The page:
Vanity of vanities, says the Teacher.
Vanity of vanities! All is vanity.
What do people gain from all the toil
at which they toil under the sun?
A generation goes, and a generation comes,
but the earth remains forever.
The sun rises and the sun goes down,
and hurries to the place where it rises.
The wind blows to the south,
and goes around to the north;
round and round goes the wind,
and on its circuits the wind returns.
All streams run to the sea,
but the sea is not full;
to the place where the streams flow,
there they continue to flow.
All things are wearisome;
more than one can express;
the eye is not satisfied with seeing,
or the ear filled with hearing.
What has been is what will be,
and what has been done is what will be done
There is nothing new under the sun.
Is there a thing of which it is said, "See, this is new"?
It has already been, in the ages before us.
The people of long ago are not remembered,
nor will there be any remembrance of people yet to come
by those who come after them.
You sweep men away like a dream,
like grass which springs up in the morning.
In the morning it springs up and flowers:
by evening it withers and fades. (R./)
Make us know the shortness of our life
that we may gain wisdom of heart.
Lord, relent! Is your anger for ever?
Show pity to your servants. (R./)
In the morning, fill us with your love;
we shall exult and rejoice all our days.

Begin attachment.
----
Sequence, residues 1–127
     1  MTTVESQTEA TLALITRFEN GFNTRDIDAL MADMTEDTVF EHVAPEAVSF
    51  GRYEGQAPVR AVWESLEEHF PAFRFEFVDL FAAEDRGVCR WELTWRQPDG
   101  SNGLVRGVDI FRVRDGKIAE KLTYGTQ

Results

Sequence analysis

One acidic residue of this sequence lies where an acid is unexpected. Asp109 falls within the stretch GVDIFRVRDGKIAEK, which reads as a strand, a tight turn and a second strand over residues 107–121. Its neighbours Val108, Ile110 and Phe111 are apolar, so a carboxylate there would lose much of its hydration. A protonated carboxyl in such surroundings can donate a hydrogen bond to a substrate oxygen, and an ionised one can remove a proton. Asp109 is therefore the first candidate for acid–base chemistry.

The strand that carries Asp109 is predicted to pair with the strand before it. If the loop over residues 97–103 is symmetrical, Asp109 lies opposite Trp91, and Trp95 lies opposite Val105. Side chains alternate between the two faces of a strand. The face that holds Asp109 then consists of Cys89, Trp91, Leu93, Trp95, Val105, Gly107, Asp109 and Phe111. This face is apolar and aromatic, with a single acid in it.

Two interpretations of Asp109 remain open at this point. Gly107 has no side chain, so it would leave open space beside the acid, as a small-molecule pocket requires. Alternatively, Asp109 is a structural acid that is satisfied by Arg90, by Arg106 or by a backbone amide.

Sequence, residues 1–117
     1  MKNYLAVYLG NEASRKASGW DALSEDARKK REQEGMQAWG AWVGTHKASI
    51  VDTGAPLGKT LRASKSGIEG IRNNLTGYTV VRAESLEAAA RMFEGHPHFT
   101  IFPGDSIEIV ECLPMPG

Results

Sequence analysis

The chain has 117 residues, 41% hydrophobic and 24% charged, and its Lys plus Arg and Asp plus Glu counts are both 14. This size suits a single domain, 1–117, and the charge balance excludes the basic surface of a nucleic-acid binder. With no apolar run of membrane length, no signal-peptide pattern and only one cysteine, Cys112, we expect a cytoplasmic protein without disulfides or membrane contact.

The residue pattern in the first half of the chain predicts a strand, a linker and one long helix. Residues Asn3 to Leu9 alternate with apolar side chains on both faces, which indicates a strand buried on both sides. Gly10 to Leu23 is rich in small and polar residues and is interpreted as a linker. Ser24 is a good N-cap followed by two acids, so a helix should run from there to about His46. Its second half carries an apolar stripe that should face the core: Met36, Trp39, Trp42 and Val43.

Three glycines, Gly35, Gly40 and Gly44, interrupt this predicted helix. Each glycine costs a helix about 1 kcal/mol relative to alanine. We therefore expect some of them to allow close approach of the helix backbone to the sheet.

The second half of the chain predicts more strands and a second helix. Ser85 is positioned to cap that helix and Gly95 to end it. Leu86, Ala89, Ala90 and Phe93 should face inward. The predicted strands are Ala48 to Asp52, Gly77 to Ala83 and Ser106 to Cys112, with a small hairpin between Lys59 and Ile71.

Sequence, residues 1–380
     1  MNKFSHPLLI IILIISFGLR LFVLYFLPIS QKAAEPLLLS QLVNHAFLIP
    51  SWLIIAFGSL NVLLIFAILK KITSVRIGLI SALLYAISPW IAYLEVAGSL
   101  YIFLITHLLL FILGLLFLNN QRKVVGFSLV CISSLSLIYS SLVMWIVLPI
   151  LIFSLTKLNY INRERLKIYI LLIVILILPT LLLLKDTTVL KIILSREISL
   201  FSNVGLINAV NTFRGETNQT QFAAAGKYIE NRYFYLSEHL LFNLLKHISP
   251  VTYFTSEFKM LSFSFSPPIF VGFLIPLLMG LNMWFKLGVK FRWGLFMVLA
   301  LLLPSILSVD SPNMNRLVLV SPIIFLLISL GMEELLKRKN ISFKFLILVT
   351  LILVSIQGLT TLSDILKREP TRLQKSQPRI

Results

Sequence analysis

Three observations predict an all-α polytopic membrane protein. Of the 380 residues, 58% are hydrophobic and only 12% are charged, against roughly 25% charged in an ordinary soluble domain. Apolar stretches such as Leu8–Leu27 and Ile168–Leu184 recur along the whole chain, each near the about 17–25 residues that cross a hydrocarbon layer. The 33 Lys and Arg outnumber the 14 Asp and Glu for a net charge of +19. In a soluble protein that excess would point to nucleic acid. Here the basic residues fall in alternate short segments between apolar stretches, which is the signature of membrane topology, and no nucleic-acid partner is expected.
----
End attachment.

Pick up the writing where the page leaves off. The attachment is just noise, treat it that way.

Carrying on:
Let the favour of the Lord be upon us:
give success to the work of our hands. (R./)
Herod the ruler heard about all that had taken place, and he was perplexed, because it was said by some that John had been raised from the dead, by some that Elijah had appeared, and by others that one of the ancient prophets had arisen.
Herod said, "John I beheaded; but who is this about whom I hear such things?" And he tried to see him.
"Vanity of vanities! All is vanity!" said the weary old Jewish philosopher, and he then coined a saying that has been used countless times since then: "There is nothing new under the sun."
Jewish tradition attributes this Book of Qoheleth to King Solomon, the patron of wisdom. Even though he expresses such a dark summary of life, still he gives us food for thought. Was he a wise man or a cynic, a searcher or a selfish hedonist, this wealthy king who had so much and lived a long life now felt that all had passed as quickly as a puff of wind.
Qoheleth seldom mentions God or faith or prayer but takes a long, hard look at life. Basically, he says that life is not worth living unless we seek for wisdom. He examined all kinds of human dealings, but with most of them he found fault. "While I was searching I found one upright man among a thousand" (7:28). The same world-weary mood moved William Wordsworth to write:
The world is too much with us; late and soon,
Getting and spending, we lay waste our powers.
Little we see in Nature that is ours;
We have given our hearts away, a sordid boon.
It may not be exalted idealism, yet it's a sober call not to spend all our time and energy on trivial pursuits.
In the Gospel, the patron of trivial pursuits was Herod the Tetrarch, for whom religion was a curiosity, a momentary pang of conscience, a way to win his people's allegiance. Herod was curious about Jesus, but his curiosity did not lead to faith. He wanted to see the famous prophet from Nazareth that everyone was talking about, curious to know if he was in any way related to John the Baptist, whom he had executed at the whim of his step-daughter. Herod did indeed get to to see Jesus, during the Lord's Passion, when he had him mocked as a king (Lk 23:8). The Gospel writer saw Herod as a shallow, cynical ruler, who respected neither God nor man.
Herod's example is a wake-up call against cynicism in our own attitudes. We too want to see Jesus, but it is in order to know him more clearly, love him more dearly and follow him more nearly.